A new combatant, Broadband over Power Lines (BPL), has entered the broadband Internet access services competition. This network option relies on electrical power lines to move information to users. While the universality of electrical power offers vendors hope in penetrating the broadband market, the suppliers could have difficulty gain much market traction. “There are already two well entrenched networking options in the broadband marketplace, so it can become difficult for a third one to gain acceptance,” stated Bruce Leichtman, president of Leichtman Research Group.
Electric utilities have been to looking into BPL for a few years. One hurdle was gaining approval to offer the service from the Federal Communications Commission. In April 2003, the FCC unanimously affirmed deployment of such services, and made changes to existing broadband regulations in order to encourage the development of BPL services, so utilities have been preparing these services.
There are two flavors of BPL, which is designed to deliver broadband services over the nation’s power grid. The first relies on the HomePlug standard and enables users to tap into Internet services from electrical outlets in their homes. One advantage with this approach is it does not require that users lay LAN cabling throughout their homes or offices, so the network should be simple to set up. The second option is a WAN service, which operates much like WAN WiFi network and provides users with network access when they are in range of certain locations.
To offer these services, utilities have to upgrade their power grids. In addition to the electrical currents coming into a building, carriers have to place boxes on power line poles that extract and route Internet signals. To spur adoption of the technology and the development of industry standards, utilities formed the United Power Line Council (UPLC). Many large electric companies are members: Consolidated Edison, Duke Energy Corp., Florida Power & Light Company, PPL Corporation, and San Diego Gas & Electric, and vendors, such as EarthLink, IBM, and Motorola also support the consortium.
While there has been a lot of interest in BPL, most utilities are now only in trial mode with the technology. “A number of utilities are ready to move from trail to deployment,” noted Naqi Jaffery, President, Telecom Trends International, Inc., which expects worldwide revenue for BPL services to grow from US$54.7 million in 2004 to $4.4 billion in 2011.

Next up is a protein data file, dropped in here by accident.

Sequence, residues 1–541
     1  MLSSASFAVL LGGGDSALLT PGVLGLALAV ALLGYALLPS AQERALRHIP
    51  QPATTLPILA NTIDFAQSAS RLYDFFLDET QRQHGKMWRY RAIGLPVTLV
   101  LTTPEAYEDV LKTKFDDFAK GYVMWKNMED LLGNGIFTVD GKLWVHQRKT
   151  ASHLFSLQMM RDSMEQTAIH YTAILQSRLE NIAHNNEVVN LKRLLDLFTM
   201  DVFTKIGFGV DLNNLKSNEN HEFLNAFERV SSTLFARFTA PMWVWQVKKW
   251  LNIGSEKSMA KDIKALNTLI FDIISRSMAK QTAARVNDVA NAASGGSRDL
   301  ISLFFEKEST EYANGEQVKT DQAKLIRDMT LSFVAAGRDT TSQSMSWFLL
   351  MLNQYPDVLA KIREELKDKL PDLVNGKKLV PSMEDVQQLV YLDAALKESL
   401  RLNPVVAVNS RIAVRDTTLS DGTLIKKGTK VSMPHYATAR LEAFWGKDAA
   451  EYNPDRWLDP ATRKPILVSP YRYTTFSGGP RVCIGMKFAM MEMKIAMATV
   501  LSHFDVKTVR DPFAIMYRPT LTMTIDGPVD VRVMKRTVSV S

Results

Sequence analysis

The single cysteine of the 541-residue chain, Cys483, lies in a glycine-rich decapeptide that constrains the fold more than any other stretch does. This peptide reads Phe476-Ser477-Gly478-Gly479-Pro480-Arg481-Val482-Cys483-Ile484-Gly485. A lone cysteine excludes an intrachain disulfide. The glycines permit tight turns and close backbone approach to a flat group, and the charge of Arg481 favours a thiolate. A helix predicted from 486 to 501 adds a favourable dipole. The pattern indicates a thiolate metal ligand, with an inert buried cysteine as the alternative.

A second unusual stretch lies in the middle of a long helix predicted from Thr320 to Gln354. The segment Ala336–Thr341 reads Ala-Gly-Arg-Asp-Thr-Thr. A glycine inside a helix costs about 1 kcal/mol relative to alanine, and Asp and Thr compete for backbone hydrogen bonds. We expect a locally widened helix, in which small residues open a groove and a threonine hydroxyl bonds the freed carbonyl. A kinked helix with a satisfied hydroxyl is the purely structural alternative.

A few utilities have taken that step. Current Communications Group, teamed with Cinergy Broadband, a subsidiary of Cinergy Corp., to offer BPL services to consumers in Ohio, Indiana and Kentucky. Once a grid has been upgraded, the utilities gain some benefits. The network upgrade has the potential to improve the reliability and efficiency of power grids by providing utilities with automated detection of failures and outages as well as automated meter reading. In the second phase of its roll out — one where the dates have not yet been established, Cinergy plans to help smaller municipal and cooperatively owned power companies covering 24 million customers across the U.S offer BPL services.
As BPL offerings start making their way into the marketplace, utilities must overcome a few obstacles, including technical issues. Unlike wired cabling options, power lines can have problems carrying information because they are unbalanced, unshielded, and usually work with large antennas. Therefore there have been instances where there can create potential interference. Essentially power lines can act like a big antenna, radiating electronic signals along the route and interfering with transmissions in the 30-Mhz and below and 140-Mhz to 180-Mhz ranges. In field trials, BPL interfered with signals from amateur radio operators. “There seems to have been some progress in resolving the ham radio problem, but interference questions could hinder BPL’s advancement,” says Nicole Klein, an analyst at market research firm the Yankee Group.
Network performance can also vary. The greater the distance a user is from a network substation, the more likely it is that throughput will suffer. The condition of the power lines connecting a user to the substation also plays a role in performance. In some cases, utilities have older lines that may not be able to carry as much information as newer lines.
Additionally, vendors need to convince users to sign up for the service. “Users might not be comfortable with the idea of running Internet access over electrical lines,” said Leichtman Research’s Leichtman. The HomePlug initiative has been in effect for several years but has garnered only a small number of users.
The utilities are positioning their service against DSL and cable modems, for instance Cinergy is offering its services for $29.95 to $39.95 a month, depending on the connection speed. Competing on price may be difficult. Increasingly, telecom and cable vendors are offering Internet access as part of a bundled service, but that is not the tact that BPL vendors are taking, at least initially. “As of now, utilities are just selling Internet access, but there is a chance they will bundle those services in the future,” Telecom Trends International’s Jaffrey told TechNewsWorld.
Some envision BPL as being attractive in rural areas where DSL and cable modem services are not yet available. “Satellite broadband providers are also targeting the rural market, and it is not clear how much of a difference BPL services offer,” concluded Leichtman. “Given the maturity of the Internet access market and the lack of a compelling differentiator, it may be difficult for BPL to garner much market acceptance.”